coronavirus stimulus

Why the Deal to Avoid a Government Shutdown May Be Bad News

Pelosi and Mnuchin swear off end-of-fiscal-year brinkmanship. Photo: Stefani Reynolds/Mandel Ngan/Getty Images

Typically it’s a sign of constructive bipartisanship when the powers that be agree to avoid risking a government shutdown when a fiscal year ends. After all, shutdowns disrupt government services and often lead to federal employee furloughs. From that point of view, this report from Bloomberg is good news indeed:

House Speaker Nancy Pelosi and Treasury Secretary Steven Mnuchin have agreed to work to avoid a government shutdown right before the election, and not let the stalemate over virus-relief legislation hold up a vital stopgap bill.

Their informal agreement was made in a Tuesday phone call, according to people familiar with the discussion …

Republicans and Democrats in Congress, seeking to avert any politically damaging government shutdown just before the Nov. 3 election, had been planning a bill to extend funding at least until mid-November. There was a risk, however, that either side would try to leverage the need to pass such a stopgap to achieve their goals for an economic stimulus.

The bad news, of course, is that without the pressure point of a potential government shutdown, there’s no obvious action-forcing device for bridging the huge divide between the two parties over the size and composition of stimulus legislation. Indeed, after October 1, the next huge day on the political calendar is November 3, Election Day. The perceived need for a stimulus bill to save Donald Trump and Republican control of the Senate remains the most important inducement for action, since most of the naysaying is in the GOP. And the sleeping giant of the stimulus debate is the widespread expectation among the roughly 160 million Americans who got a direct stimulus payment earlier this year that a second check is on the way. They will not be happy if the payment date turns out to be mañana.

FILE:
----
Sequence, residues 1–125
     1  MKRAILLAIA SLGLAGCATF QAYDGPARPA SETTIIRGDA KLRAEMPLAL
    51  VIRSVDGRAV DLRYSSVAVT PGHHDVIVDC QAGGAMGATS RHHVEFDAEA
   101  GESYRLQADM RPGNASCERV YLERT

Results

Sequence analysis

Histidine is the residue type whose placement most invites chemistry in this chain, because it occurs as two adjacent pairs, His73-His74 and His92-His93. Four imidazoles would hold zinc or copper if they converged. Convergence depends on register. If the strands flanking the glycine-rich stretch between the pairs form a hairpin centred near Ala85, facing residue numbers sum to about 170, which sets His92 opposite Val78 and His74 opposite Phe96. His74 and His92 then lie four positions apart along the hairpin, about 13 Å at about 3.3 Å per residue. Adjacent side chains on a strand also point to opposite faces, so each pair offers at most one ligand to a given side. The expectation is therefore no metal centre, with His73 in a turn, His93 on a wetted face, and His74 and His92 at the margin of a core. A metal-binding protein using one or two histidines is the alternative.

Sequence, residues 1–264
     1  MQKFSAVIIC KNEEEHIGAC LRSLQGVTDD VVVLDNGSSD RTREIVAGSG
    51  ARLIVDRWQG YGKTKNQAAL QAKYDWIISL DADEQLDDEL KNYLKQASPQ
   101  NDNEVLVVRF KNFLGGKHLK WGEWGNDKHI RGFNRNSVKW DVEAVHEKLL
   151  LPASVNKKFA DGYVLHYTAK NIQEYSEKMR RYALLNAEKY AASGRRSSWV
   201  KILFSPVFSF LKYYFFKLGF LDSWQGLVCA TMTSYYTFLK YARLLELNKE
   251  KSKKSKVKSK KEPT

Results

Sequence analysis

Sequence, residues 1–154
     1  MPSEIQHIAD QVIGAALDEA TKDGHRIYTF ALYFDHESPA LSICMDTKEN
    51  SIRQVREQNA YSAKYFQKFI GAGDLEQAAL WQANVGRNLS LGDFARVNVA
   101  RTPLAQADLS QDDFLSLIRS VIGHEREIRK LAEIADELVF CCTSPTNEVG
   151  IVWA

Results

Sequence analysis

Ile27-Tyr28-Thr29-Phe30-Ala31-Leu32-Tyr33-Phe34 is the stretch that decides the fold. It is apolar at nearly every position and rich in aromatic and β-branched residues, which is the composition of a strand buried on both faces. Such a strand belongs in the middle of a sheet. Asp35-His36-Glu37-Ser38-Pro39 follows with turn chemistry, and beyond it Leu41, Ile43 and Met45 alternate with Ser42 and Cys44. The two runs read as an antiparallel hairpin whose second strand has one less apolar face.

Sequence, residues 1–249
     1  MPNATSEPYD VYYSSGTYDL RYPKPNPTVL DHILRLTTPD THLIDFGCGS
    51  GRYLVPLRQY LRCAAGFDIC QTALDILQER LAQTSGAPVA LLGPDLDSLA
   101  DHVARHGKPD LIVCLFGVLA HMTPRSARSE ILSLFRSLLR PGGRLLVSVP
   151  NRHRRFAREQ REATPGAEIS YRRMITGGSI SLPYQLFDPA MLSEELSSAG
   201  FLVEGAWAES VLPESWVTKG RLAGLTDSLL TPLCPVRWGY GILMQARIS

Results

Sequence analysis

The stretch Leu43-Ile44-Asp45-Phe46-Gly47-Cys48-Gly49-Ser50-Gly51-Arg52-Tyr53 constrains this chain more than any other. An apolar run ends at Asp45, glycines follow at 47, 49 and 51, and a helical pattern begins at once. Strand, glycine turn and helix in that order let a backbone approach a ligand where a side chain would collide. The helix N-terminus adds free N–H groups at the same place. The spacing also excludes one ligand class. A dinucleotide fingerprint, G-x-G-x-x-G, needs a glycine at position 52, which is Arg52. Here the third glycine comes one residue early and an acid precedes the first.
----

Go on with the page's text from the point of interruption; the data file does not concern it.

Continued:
Possible break points for the gridlock are September 4 and October 2, when the August and September jobs reports, respectively, are released. If they show a big economic slowdown, public and financial-market pressure for more stimulus could develop. But if there’s any way you can look at the data sideways and see a continuing economic recovery, then Republicans currently opposed to any stimulus will dig in their heels.

Why the Deal to Avoid a Government Shutdown May Be Bad News